We arose early and had breakfast in the hotel’s restaurant. We had Topsilog, a cup of cooked rice with a fried egg on top, and a piece of meat on the side. It tasted good. Today’s schedule called for four speeches on the covenant and started at 9:00 am. I had a little free time so took a two-mile walk on the main road leading out of Daet. I was able to see many interesting things. I then caught a tricycle to the church where the speeches were to be held.

Pastor M. Tanierla had picked up Revs. Miersma and Kleyn and was at the church already. The people started arriving slowly and again we had the opportunity to visit with these men and talk about things of God. The meeting was called to order and opened with prayer. We sang a few hymns and then Rev. Miersma gave his speech on the covenant. They then had a question and answer period and then lunch. Pastor M. Tanierla’s wife and family had prepared a lunch for all the people attending the lectures. There were around twenty-five people present. The food was very interesting, but good: a real Filipino meal. We found all these people to be very easy to talk to and very friendly. I then went for a short walk to get some more bottled cold water to keep us cool, as the temperature and humidity were very high.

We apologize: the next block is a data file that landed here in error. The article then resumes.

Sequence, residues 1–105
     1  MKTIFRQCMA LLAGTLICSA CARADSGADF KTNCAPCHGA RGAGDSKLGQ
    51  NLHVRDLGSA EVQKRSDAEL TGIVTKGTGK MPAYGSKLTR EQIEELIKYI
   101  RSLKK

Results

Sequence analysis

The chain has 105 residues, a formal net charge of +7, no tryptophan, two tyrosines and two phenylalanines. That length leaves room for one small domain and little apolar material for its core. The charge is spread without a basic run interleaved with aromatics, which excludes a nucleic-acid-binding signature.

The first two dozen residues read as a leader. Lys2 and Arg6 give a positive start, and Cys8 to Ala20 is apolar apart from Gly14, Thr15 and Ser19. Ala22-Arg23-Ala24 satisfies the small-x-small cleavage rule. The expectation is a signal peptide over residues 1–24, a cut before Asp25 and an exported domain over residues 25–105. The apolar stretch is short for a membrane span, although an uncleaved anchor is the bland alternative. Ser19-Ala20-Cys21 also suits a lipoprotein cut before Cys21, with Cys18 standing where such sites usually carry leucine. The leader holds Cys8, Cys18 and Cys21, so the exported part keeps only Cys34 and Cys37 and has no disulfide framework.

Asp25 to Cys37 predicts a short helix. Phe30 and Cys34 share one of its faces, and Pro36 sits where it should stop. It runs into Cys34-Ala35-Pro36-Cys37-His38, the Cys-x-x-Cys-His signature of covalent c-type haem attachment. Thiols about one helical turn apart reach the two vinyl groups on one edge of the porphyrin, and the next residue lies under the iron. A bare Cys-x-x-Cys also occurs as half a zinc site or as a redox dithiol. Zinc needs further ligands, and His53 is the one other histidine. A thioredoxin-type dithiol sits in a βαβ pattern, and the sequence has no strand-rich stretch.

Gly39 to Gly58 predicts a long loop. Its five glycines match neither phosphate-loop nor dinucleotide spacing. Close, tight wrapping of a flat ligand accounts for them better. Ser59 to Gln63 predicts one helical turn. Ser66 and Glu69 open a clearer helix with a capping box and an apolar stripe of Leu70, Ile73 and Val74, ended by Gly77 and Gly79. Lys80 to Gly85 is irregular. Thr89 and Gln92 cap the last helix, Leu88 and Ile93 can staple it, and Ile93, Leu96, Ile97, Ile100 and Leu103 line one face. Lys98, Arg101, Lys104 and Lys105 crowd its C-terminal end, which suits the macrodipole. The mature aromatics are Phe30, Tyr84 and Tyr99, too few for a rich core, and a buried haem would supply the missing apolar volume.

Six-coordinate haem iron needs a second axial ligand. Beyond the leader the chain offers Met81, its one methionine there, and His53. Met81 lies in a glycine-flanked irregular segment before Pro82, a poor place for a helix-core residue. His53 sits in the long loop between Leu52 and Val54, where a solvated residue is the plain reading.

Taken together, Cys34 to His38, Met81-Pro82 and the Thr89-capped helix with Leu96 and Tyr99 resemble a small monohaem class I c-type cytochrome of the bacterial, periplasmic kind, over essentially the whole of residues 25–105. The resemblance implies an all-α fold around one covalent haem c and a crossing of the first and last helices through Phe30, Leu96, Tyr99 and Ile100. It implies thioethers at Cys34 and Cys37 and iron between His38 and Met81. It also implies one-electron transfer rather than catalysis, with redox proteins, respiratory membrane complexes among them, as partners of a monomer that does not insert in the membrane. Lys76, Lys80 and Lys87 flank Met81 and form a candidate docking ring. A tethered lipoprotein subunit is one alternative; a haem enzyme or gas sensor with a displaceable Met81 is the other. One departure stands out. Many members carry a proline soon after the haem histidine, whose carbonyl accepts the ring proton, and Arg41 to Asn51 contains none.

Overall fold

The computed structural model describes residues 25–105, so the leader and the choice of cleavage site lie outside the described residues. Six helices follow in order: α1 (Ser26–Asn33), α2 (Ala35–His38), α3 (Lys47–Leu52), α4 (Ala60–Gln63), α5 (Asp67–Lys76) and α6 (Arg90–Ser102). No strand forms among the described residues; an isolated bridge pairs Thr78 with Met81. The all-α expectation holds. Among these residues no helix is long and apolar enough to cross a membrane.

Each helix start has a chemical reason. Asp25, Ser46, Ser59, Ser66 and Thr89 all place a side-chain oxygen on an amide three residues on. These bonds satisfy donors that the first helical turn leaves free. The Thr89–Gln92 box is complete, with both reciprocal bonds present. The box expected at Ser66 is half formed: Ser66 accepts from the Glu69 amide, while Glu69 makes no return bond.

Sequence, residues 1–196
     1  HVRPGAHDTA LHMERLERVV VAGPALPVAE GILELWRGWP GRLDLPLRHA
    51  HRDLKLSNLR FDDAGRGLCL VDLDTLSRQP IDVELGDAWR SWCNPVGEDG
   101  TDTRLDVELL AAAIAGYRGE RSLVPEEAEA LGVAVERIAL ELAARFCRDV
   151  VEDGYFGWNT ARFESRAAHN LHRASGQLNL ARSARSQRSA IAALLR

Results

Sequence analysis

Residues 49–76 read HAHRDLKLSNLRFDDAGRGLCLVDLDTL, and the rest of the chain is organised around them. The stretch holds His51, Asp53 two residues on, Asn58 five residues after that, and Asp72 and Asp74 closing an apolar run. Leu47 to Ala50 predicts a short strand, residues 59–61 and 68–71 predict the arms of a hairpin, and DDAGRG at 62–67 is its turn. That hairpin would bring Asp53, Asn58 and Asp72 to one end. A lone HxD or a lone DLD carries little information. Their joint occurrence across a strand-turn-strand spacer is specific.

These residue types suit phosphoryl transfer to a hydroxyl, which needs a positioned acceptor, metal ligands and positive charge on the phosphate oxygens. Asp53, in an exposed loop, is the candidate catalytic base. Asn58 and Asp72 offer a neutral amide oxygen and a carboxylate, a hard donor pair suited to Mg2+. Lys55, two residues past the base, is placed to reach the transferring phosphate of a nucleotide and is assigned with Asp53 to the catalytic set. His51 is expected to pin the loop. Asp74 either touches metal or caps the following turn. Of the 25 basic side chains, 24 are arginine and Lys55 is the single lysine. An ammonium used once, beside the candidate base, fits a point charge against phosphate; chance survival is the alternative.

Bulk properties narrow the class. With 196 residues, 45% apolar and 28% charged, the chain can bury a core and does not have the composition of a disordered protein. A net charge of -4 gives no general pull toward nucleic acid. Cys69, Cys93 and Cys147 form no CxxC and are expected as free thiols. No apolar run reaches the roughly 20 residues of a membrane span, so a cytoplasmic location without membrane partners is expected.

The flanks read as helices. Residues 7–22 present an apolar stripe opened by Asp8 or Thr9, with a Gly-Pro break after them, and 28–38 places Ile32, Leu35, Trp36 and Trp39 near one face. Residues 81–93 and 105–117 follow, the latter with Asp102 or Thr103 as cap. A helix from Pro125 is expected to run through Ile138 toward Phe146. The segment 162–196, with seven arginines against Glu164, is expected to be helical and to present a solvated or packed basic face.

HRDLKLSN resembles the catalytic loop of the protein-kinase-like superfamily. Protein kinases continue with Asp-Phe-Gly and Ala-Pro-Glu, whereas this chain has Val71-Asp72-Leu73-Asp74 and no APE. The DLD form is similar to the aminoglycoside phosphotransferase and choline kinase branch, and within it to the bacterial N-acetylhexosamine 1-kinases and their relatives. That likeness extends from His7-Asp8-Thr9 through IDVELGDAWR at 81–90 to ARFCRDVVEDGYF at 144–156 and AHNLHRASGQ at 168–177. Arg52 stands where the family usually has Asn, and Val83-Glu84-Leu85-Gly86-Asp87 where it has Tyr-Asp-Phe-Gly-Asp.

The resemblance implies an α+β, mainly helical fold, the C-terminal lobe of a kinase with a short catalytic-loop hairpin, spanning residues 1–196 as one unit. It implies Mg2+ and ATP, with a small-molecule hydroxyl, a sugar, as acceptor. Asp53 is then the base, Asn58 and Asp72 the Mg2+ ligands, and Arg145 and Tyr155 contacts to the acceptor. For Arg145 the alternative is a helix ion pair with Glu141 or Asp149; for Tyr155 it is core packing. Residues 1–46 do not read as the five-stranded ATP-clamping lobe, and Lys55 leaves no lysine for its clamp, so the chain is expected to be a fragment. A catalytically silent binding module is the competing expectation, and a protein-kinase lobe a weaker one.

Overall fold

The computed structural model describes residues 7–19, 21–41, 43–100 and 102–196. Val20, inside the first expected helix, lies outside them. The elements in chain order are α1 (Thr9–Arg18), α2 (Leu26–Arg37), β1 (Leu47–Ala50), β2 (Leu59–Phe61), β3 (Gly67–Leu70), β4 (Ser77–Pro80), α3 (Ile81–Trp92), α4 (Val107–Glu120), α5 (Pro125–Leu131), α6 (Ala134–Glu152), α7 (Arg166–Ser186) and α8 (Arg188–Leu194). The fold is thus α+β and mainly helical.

At the end of the street near the church there was a young person sitting in the dirt under a tree. I had seen him there the day before. Obviously he was homeless. It was very hot out and there he sat all day. As I was standing there watching the sights of the town go by, I saw a young girl, who must have been from the catholic school near there, stop and give him some food. It was very touching.

I returned to the church and Rev. Miersma gave the second speech on the covenant. Again we had a very lively question and answer period that had Revs. Miersma and Kleyn thinking. Rev. Kleyn then had the third speech and also another very lively question and answer period. They used Professor Hanko’s book, God’s Everlasting Covenant of Grace, as the basis for their speeches. There was supposed to be a fourth speech but they ran out of time due to the extended questions and answers.